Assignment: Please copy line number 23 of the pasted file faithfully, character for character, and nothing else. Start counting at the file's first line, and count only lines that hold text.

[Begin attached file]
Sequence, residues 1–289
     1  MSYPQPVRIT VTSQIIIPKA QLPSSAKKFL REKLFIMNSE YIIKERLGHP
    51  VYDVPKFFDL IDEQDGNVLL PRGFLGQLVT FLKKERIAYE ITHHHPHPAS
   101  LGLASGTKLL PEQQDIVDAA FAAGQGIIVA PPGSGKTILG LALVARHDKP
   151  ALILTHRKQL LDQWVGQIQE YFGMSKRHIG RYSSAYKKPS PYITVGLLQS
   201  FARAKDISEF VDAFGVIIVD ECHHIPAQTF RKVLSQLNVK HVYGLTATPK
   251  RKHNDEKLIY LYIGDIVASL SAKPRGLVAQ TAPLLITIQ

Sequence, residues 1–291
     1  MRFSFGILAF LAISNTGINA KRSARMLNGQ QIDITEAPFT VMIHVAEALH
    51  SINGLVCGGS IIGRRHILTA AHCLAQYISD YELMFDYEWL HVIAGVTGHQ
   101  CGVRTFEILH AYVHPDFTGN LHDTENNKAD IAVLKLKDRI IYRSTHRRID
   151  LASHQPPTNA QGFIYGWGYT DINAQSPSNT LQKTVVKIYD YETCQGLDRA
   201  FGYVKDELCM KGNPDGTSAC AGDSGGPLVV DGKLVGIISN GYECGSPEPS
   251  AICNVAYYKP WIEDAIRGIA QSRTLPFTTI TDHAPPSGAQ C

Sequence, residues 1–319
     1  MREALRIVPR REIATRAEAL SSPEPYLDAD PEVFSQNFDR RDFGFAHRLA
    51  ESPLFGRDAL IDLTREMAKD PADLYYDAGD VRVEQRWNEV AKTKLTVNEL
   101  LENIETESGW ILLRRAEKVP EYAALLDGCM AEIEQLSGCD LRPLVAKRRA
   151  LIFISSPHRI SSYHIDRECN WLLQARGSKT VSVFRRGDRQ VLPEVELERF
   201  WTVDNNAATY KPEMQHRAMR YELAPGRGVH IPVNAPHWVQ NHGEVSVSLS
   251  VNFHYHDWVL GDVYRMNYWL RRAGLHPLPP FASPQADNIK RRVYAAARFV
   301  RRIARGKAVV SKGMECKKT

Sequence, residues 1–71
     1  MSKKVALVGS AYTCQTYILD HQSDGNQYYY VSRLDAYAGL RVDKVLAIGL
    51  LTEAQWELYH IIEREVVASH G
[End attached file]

Sequence, residues 1–71